Watching young talent reach high levels of achievement is part of the fun of sports. The drafting, trading and development of baseball players to manipulate the future of a franchise is the most entertaining and time consuming part of following baseball in my disgusting life as a fanatic. The Indians have a deeper and younger group of talent which, if they actually build around the right group, could become a solid contender for many years.
Watch baseball on Tuesday and bask in the glory of the Tribe's young core!
Above is the one of the worst moments in Cleveland Brown history. John Elway's drive in the 1986 AFC Championship led to three more playoff appearances and the dismissal of Marty Schottenheimer after the 1988 season. The Browns have only made the playoffs twice since 1990 with one of those times coming since the Browns were brought back to Cleveland in 1999.
The franchise fell apart due the a change in leadership, much like the Indians sale to the Dolan family. Since Jacobs sold the team in 2000, the Indians have made the playoffs twice. They have fallen on their face the last couple of seasons, after showing promise at the beginning of the season.
Fans still attend Browns games. There are ten games in Cleveland Stadium each year, counting the preseason, and 81 games at Progressive Field. While there are more opportunities to see the Indians, why is Progressive Field so empty?
The Cleveland Browns that you know today aren't the Art Modell-owned team that turned their back on you. But still, what have they done for you lately?
While the Indians were in the playoffs from 1995-1999, again in 2001 and finally appearing again in 2007, the Browns weren't there for you. If it wasn't for the Indians in 1996-1998, where would Cleveland sports fans be? Below a bridge somewhere, that's where!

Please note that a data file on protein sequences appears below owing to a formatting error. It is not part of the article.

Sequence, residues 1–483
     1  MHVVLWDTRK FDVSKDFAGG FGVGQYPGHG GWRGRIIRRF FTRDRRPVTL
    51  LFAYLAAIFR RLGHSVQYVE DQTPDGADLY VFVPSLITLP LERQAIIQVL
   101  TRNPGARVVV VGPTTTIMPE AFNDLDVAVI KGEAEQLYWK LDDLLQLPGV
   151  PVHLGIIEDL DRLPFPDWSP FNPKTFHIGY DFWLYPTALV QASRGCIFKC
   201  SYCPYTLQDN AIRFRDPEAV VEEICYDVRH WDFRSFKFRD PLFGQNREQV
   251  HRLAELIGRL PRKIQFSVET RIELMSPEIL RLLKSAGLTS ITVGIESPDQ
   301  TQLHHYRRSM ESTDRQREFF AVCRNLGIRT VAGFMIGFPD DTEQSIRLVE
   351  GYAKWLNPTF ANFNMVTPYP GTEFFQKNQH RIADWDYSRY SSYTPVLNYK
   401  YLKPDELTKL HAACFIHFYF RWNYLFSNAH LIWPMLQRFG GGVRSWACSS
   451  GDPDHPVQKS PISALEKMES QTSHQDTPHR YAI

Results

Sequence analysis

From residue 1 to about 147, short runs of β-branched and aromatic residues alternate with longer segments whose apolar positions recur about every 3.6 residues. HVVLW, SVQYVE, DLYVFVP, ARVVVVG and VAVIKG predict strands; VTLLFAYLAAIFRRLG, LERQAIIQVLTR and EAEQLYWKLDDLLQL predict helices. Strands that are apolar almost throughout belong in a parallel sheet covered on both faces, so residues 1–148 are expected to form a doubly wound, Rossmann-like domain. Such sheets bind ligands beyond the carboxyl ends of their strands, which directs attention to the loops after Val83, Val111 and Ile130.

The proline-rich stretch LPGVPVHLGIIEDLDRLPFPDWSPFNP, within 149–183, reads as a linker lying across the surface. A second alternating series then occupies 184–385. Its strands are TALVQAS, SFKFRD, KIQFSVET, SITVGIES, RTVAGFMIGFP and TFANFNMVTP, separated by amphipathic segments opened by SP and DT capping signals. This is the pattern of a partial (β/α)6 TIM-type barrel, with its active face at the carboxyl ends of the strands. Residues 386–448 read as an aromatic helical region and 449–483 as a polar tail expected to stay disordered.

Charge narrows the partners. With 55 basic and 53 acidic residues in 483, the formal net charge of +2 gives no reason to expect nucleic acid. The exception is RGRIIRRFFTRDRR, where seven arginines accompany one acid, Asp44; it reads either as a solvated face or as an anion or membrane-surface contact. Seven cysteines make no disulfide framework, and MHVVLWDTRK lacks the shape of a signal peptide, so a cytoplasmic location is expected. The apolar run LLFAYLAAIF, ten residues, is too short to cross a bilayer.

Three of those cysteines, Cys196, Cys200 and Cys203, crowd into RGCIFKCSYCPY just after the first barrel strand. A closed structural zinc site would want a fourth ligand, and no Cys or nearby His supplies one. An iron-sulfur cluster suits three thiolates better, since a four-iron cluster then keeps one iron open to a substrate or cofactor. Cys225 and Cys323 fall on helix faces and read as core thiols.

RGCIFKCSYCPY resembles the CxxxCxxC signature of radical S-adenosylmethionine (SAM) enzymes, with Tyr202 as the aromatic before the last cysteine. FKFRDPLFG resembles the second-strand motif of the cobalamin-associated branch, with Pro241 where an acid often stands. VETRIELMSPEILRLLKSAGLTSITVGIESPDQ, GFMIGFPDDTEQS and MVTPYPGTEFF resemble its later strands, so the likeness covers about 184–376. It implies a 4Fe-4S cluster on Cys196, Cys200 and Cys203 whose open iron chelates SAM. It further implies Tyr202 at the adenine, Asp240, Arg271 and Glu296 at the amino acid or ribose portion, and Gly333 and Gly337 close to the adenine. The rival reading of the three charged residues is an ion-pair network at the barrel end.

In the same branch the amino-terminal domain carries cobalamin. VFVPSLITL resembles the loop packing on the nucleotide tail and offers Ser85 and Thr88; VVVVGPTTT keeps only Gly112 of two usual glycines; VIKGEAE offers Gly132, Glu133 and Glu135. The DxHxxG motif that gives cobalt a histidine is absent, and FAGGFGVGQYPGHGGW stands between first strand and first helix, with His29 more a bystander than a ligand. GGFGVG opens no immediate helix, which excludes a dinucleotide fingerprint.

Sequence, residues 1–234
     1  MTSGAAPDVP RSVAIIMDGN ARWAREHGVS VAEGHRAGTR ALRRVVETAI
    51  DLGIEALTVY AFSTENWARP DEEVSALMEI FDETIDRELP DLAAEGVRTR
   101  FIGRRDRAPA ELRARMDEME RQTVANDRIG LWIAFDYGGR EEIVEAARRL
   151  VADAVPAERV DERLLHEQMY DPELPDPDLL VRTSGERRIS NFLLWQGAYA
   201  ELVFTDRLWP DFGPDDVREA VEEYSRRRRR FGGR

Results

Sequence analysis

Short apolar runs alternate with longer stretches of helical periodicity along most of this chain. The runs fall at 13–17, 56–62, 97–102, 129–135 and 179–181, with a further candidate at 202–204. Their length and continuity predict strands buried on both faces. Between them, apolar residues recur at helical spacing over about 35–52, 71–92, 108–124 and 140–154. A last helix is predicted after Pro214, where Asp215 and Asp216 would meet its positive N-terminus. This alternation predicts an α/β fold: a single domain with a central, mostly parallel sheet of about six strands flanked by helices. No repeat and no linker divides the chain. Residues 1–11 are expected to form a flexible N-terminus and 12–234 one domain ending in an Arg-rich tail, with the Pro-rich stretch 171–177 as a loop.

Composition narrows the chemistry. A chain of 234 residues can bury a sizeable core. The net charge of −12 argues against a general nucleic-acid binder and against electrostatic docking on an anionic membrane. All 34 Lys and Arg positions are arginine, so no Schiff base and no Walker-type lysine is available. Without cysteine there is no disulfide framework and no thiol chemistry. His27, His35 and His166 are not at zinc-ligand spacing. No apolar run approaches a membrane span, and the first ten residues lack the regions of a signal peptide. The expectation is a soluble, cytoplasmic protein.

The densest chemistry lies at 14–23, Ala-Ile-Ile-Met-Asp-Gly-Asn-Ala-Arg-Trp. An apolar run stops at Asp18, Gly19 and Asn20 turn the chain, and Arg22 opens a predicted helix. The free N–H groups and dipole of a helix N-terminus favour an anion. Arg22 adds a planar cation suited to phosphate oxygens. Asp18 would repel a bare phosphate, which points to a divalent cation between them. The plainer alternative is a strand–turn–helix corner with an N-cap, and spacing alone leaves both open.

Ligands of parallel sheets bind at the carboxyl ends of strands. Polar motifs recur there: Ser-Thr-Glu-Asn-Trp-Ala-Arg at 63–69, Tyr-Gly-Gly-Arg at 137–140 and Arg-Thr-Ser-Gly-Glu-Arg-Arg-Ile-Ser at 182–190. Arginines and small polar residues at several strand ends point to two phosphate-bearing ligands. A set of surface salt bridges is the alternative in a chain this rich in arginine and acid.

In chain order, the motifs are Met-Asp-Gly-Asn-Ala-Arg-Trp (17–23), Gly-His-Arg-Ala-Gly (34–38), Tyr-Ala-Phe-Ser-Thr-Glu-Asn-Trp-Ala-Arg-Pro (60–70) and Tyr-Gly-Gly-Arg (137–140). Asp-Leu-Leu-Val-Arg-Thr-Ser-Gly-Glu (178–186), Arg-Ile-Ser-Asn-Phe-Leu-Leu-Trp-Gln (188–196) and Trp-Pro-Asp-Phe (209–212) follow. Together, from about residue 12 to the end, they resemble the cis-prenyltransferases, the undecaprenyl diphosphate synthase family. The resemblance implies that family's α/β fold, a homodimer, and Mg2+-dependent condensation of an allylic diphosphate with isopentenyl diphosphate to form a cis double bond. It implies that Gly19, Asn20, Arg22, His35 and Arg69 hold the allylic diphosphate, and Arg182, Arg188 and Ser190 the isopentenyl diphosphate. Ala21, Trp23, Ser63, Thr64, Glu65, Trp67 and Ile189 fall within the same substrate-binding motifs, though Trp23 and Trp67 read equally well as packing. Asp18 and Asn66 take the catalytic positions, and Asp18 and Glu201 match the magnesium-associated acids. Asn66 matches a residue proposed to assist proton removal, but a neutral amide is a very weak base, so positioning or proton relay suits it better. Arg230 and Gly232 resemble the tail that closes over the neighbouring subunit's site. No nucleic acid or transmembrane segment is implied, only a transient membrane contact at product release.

Cleveland supports lovable losers and they have done so for many years. Fans who turn their backs on the players in Cleveland right now aren't supporting those teams and that is why they leave town if they aren't traded first. The Browns have not given you a reason to get excited in nearly two decades, yet, over 73,200 fans still go watch.
The Indians play on Wednesdays five more times before the season ends on October 3. Love your losers, Cleveland!
The Cleveland Browns play on Thursday, September 27 against the loathsome Baltimore Ravens, so we can't say that there isn't football on Thursdays, at least.
See the Steeler, above, mocking the defense? Do you like defense? If you do, you should watch the Cleveland Indians!
The Indians can catch and field. They are fifth in MLB in team fielding percentage (.985) and have the sixth-fewest errors in the majors in 2012. If it wasn't for the 459 walks (fourth most in MLB) and the 145 home runs allowed (seventh-most in MLB), the Indians would be a lot better off.
The Browns were not bad on defense in 2011 either, ranking tenth in the NFL in yards allowed per game; however, they were fifth in the NFL in scoring defense, allowing just 19.2 points per game.
I can state, with statistical proof, that the Indians could beat the Browns in baseball any day of the week. The Indians' team ERA is 4.82, 29th in MLB, but if the Browns defense has the holes to allow 19.2 points per game, the Indians would win by nearly 15 runs per game.
The NFL is selling a weak product. If you like defense and low scoring games, baseball is your game, and the Indians are the better defensive team.
Watch baseball this Thursday!
It is a Friday and there isn't going to be any professional football on. You may, however, think that returning to your local high school with your Member's Only jacket and wearing sunglasses at night would be a better idea.